The Good, the Bad and the Ugly in Cybersecurity – Week 29

The Good | The White House Unveils Cybersecure Labeling Program for IoT Devices

A U.S.-wide cybersecurity certification and labeling program launched this week to guide consumers in choosing tech products that are less vulnerable to attack. The latest from the Biden-Harris administration, the “U.S. Cyber Trust Mark” is expected to enhance cybersecurity measures across popular smart devices used in homes, schools, offices, and more. The program is a collaborative one involving voluntary industry participation, oversight from the FCC, and stringent cyber standards set by NIST.

The U.S. Cyber Trust Mark enables consumers to identify which internet and Bluetooth-connected devices are cybersecure, including common items like fitness trackers, baby monitors, home security systems, and smart appliances. Suppliers that meet the program’s security requirements will bear a “Cyber Trust” label as early as next year. So far, participants include Amazon, Best Buy, Google, LG Electronics USA, Logitech, and Samsung.

Use of Internet of Things (IoT) devices has soared within the past decade. In 2023, there are an estimated 15 billion internet-connected devices in use globally, with that number expected to explode up to 29 billion by 2030. This widespread adoption makes IoT devices a lucrative target for cyberattackers. Seen as vulnerable entry points into private networks, IoT devices entice attackers to exploit, disrupt, or compromise systems and privacy.

FCC officials say that the mark will give consumers peace of mind and help them make more informed purchases. Additionally, program-approved devices will include QR codes allowing users to easily access any updates in applicable security information. The new program from the White House follows similar cybersafety labeling initiatives such as Singapore’s SG Cyber Safe Programme and the Cyber Essentials certification and trademark program from the U.K.’s National Cyber Security Center.

The Bad | Design Flaw In Google Cloud Increases Chances of Supply Chain Attacks

Security researchers this week discovered a critical design flaw in the Google Cloud Build service that could allow attackers to escalate privileges and tamper with production environments. Dubbed ‘Bad.Build’, the flaw gives attackers nearly full, unauthorized access to Google’s Artifact Registry code repositories.

With this kind of access, attackers would be able to impersonate the account’s continuous integration and delivery (CI/CD) service and run API calls. After taking control over the application images, attackers could then inject malicious code, poisoning customer’s environments with malicious applications and opening them up for potential supply chain attacks.

In their report, researchers warned that the impact of this flaw could be diverse as it applies to any organization using the registry as their main or secondary image repository. Disruption of this could, in turn, spread malware to a wider pool of users or lead to DoS attacks and data theft.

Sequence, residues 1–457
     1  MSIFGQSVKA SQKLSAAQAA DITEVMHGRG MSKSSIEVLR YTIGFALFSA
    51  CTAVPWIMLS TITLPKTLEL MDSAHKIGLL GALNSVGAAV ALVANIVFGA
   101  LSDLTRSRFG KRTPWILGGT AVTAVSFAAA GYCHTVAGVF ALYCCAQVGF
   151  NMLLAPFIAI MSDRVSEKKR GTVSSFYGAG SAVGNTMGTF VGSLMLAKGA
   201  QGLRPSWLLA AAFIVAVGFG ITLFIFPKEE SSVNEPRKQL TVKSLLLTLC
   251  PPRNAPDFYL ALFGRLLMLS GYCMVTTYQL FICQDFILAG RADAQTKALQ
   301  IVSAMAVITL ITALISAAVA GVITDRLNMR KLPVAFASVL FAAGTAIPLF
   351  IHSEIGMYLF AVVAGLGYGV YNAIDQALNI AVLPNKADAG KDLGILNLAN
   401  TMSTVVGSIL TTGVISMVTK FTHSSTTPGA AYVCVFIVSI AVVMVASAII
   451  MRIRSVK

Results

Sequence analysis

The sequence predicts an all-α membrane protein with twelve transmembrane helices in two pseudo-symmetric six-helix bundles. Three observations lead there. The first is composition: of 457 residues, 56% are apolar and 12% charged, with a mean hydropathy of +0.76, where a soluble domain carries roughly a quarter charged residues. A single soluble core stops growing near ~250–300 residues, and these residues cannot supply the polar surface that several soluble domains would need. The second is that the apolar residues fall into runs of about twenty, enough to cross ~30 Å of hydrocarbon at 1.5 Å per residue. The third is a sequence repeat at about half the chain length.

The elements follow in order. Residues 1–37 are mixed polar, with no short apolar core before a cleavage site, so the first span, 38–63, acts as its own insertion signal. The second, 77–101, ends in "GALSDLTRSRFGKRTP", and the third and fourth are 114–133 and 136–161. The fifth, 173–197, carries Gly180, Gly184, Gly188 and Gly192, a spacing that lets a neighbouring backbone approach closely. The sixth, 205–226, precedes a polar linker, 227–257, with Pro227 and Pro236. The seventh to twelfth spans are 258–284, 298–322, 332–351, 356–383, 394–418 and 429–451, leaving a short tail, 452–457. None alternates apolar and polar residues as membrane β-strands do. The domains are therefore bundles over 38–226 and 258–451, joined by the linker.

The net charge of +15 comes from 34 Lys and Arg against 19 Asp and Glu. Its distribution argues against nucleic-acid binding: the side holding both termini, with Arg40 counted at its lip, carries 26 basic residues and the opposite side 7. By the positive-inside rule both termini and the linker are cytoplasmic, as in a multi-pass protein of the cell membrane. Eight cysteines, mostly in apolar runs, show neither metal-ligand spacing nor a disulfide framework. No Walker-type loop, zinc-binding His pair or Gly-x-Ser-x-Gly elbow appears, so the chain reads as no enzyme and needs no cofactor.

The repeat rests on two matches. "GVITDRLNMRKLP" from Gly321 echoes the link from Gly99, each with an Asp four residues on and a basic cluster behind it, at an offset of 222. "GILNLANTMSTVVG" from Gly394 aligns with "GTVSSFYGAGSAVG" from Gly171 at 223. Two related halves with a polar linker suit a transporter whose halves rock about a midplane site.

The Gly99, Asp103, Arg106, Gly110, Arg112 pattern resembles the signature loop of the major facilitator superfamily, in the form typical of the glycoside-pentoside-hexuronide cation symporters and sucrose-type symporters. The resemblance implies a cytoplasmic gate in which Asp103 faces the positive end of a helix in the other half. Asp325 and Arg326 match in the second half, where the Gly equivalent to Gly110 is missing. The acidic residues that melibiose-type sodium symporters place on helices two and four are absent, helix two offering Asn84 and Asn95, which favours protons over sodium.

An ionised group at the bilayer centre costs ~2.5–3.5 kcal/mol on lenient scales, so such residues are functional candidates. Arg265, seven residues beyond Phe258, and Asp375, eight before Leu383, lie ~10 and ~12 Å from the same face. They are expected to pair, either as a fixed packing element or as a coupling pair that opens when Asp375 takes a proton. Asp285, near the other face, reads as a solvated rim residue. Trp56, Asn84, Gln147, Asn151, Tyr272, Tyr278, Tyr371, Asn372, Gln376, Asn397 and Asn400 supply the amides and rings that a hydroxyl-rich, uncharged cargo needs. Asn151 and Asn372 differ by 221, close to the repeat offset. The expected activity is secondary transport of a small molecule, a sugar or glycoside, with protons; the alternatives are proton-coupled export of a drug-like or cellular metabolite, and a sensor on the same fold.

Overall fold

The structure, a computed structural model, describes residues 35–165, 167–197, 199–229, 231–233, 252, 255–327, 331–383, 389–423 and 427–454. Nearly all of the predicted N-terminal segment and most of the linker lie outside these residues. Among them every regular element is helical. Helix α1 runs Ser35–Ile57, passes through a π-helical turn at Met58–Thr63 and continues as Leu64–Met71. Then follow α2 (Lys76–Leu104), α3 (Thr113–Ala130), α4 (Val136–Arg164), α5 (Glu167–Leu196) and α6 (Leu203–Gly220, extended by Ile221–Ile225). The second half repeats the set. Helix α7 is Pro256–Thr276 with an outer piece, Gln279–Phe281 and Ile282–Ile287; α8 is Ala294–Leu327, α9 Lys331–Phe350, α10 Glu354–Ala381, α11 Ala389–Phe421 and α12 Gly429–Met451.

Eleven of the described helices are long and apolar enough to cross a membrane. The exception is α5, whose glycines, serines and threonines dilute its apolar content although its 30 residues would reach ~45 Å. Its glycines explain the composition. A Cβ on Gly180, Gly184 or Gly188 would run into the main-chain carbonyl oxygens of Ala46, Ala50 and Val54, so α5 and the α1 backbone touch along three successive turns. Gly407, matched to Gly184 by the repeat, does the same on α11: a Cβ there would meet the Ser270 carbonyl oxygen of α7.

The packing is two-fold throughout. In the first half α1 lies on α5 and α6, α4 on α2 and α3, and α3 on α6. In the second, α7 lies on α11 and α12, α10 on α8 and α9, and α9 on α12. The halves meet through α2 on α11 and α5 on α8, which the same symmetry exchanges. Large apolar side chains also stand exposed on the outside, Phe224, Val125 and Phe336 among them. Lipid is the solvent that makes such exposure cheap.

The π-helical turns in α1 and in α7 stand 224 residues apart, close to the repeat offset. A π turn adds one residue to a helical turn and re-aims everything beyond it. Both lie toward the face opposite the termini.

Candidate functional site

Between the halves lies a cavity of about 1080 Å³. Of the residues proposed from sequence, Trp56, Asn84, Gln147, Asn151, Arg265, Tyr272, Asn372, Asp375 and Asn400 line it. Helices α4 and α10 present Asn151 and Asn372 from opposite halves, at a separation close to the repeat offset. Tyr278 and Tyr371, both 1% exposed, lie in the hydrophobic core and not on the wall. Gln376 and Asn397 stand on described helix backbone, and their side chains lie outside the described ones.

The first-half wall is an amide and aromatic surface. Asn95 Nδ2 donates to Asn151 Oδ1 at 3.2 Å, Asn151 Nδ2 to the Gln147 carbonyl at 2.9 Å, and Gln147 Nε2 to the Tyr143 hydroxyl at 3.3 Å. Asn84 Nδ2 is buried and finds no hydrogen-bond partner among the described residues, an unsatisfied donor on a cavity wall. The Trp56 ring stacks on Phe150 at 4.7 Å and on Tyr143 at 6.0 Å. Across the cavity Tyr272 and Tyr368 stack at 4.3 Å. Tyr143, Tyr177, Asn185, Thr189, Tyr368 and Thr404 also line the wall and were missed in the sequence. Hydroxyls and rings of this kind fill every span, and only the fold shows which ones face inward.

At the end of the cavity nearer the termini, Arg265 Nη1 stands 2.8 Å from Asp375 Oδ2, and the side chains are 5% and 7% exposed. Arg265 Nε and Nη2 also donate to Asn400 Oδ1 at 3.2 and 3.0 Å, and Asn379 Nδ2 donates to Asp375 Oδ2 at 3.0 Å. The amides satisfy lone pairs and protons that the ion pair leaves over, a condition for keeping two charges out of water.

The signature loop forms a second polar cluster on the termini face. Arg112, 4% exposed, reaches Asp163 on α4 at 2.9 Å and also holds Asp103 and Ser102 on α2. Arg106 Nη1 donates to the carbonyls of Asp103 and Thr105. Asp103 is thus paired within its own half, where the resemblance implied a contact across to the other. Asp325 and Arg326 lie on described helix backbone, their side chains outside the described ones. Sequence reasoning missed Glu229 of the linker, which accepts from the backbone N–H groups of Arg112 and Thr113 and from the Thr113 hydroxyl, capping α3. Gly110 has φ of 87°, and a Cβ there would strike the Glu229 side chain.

The Google Security Team has since revoked the logging.privateLogEntries.list permission from the default Cloud Build Service Account. However, the researchers claim that is a partial fix that does not address the flaw in the Artifact Registry and continues to leave users at risk of privilege escalation abuse and possible supply chain attacks. They recommend that users apply the principle of least privilege (PoLP) and implement cloud-centric security measures capable of detecting and responding to any identified anomalies in the behavior of the default Google Cloud Build service account.

The Ugly | Security Researchers Link JumpCloud Attack to North Korean State-Backed Threat Actor

Following a state-backed breach of Colorado-based software firm, JumpCloud, SentinelLabs researchers published findings linking the attack to a North Korean APT. The incident was first discovered earlier this month, after the company’s systems were targeted in a spear phishing attack. After discovery, JumpCloud forced a rotation of all admin API keys and notified customers to generate new keys. The company has since rebuilt the compromised infrastructure and shared IoCs with the community.

Review of the IoCs led SentinelLabs to associate the cluster of threat activity to a DPRK-sponsored APT who have been observed leveraging a supply chain targeting approach in previous campaigns. SentinelLabs mapped out the threat actor’s infrastructure to show the links between details of the intrusion to the underlying patterns, comprising domains and IP addresses, noted in similar campaigns. After correlating specific domains recently shared by GitHub to forensic analysis from JumpCloud’s ongoing investigation, SentinelLabs found clear links to NPM and ‘package’ themed infrastructure characteristic of other DPRK-linked campaigns they track.

Infrastructure Map Noting JumpCloud and GitHub Overlap
Infrastructure Map Noting JumpCloud and GitHub Overlap

While JumpCloud emphasized that the intrusion was highly targeted and limited to specific customers only, it is evident that North Korean threat actors are continuously exploring new methods of infiltration, many of which seem to lean towards targeting supply chains. Numbers gathered in 2022 point to supply chain attacks as the leading cause of data breaches; 40% more than malware which had been, until recently, viewed as the core of most attacks. As more actors conduct supply chain attacks to pivot into high-value networks, researchers urge organizations to share threat intelligence, invest in advanced endpoint protection, and establish strong authentication and access controls.